All Commentaries on Matthew 22:14 Go To Matthew 22
Theophylact of Ochrid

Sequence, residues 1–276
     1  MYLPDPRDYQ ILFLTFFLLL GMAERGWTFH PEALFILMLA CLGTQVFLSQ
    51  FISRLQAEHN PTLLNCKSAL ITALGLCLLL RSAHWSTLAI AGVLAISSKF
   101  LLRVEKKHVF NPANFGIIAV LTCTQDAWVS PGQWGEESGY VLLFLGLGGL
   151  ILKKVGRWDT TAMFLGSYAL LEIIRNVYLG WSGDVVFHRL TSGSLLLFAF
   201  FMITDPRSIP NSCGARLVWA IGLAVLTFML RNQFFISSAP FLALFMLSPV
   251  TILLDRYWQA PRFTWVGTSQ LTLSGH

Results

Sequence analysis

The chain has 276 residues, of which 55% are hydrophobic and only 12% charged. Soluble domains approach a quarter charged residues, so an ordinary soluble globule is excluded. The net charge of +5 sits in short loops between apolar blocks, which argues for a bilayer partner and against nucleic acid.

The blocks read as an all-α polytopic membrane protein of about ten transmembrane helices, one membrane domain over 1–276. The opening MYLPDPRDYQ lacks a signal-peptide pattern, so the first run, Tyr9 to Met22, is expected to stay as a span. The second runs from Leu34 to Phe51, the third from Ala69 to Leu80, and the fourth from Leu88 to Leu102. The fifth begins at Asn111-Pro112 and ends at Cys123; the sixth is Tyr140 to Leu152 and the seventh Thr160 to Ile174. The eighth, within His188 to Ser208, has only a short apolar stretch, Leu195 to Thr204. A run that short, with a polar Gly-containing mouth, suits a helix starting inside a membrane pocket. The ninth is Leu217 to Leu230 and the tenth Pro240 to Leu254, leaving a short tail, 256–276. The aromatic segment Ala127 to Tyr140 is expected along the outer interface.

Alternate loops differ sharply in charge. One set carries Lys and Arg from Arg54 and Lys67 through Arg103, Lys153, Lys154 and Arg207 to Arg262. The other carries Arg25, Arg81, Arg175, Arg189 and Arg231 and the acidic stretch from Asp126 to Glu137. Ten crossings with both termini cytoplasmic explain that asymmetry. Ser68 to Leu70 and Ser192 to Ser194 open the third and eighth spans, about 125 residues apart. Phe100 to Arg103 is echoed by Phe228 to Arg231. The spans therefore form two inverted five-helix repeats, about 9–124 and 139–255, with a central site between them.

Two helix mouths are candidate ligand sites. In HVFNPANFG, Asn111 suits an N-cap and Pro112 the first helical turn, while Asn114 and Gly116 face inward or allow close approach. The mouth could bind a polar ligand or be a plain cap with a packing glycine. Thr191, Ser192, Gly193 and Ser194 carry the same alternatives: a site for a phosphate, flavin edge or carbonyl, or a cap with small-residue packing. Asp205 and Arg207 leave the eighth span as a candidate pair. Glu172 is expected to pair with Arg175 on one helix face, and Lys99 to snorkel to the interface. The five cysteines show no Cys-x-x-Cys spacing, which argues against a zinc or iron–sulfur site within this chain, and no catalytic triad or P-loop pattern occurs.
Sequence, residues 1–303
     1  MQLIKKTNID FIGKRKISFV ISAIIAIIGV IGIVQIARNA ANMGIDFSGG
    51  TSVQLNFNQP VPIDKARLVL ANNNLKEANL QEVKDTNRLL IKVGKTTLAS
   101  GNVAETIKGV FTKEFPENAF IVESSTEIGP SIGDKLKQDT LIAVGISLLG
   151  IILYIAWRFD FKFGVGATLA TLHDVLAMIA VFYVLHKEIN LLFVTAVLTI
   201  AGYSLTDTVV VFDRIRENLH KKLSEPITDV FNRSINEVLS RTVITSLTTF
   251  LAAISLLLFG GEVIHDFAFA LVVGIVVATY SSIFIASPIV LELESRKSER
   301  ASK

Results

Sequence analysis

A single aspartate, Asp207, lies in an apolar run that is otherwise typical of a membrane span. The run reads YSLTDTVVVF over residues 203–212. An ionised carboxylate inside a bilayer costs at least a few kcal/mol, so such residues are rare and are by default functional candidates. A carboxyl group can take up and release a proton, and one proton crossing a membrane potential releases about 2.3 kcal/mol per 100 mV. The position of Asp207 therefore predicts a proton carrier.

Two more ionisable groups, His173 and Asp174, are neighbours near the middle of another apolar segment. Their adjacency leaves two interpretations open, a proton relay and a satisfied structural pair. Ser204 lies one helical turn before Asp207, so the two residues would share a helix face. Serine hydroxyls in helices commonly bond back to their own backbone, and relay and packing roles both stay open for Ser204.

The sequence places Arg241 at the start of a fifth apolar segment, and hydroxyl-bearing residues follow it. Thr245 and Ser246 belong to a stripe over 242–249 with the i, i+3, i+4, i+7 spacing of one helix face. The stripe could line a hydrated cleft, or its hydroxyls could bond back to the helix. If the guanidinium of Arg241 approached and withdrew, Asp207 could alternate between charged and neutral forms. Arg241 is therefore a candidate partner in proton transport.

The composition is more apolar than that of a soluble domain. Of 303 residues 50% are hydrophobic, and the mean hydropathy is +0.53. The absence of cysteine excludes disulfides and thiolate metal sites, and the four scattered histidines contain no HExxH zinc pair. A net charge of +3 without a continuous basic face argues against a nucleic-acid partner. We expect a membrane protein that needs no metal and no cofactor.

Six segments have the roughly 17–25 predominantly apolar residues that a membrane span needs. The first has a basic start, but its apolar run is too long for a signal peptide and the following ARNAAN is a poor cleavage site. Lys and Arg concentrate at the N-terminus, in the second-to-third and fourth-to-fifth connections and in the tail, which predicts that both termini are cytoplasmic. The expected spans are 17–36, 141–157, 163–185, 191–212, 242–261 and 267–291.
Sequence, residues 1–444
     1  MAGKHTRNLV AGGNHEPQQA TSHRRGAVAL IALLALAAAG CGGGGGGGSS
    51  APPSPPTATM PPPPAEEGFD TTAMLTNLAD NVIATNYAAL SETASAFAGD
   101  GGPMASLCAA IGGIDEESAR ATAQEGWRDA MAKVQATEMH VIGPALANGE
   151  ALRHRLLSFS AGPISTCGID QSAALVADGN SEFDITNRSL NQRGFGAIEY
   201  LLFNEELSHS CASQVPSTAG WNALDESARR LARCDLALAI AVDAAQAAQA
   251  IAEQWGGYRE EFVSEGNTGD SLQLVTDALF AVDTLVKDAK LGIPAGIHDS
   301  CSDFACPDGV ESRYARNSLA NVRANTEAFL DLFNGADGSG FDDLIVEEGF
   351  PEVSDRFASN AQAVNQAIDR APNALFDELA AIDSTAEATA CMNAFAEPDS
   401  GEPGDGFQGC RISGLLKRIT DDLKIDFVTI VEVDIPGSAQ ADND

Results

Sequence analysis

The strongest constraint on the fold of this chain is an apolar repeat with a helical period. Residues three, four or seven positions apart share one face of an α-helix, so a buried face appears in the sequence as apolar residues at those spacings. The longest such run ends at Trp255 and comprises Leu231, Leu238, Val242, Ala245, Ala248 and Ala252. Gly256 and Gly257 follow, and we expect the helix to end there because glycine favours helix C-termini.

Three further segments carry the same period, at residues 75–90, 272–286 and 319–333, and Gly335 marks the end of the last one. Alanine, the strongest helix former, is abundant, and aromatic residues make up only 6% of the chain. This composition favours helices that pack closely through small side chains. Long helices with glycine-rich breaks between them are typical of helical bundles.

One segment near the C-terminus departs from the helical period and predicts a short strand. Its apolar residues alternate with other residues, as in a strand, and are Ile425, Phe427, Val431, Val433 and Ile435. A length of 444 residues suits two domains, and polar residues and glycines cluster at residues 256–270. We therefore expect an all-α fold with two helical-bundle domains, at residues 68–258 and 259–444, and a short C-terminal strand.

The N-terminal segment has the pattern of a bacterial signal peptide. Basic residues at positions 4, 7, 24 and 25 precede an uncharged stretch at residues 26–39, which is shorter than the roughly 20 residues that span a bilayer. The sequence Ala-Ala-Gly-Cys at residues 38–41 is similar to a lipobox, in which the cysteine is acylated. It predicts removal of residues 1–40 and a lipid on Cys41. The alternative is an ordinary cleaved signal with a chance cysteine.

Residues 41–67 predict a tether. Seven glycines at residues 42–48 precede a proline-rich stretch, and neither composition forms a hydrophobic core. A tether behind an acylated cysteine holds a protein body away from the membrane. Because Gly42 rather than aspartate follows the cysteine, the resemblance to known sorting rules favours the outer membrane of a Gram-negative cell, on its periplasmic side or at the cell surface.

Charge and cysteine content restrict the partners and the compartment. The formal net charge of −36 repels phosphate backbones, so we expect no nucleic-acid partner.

The entry into the wedding takes place without distinction of persons, for by grace alone we have all been called, good and bad alike; but the life thereafter of those who enter shall not be without examination, for indeed the king makes an exceedingly careful examination of those found to be sullied after entering into the faith. Let us tremble, then, when we understand that if one does not lead a pure life, faith alone benefits him not at all. For not only is he cast out of the wedding feast, but he is sent away into the fire. Who is he that is wearing filthy garments? It is he who is not clothed with compassion, goodness, and brotherly love. For there are many who deceive themselves with vain hopes, thinking that they shall attain the kingdom of heaven, and they include themselves among the assembly of the dinner guests, thinking great things of themselves. Being justified in regard to that unworthy man, the Lord demonstrates these two things to us; first, that He loves mankind, and secondly, that we ought not to pass judgement on anyone, even if they sin openly, unless they have been reproved for their sin. The Lord then says to His servants, the angels of punishment, "Bind his hands and feet," that is, the soul’s powers of action. For in this present age is the time to act and to do, but in the age to come all of the soul’s powers of action are bound, and a man cannot then do any good thing to outweigh his sins. Gnashing of teeth is the meaningless repentance that will then take place. "Many are called" for God calls many, indeed, all, "but few are chosen." For few are saved and found worthy to be chosen by God. For it is God’s part to call, but to become one of the chosen or not, is our part. He shows, then, that this parable was spoken for the Jews who were called but were not chosen, as they did not listen.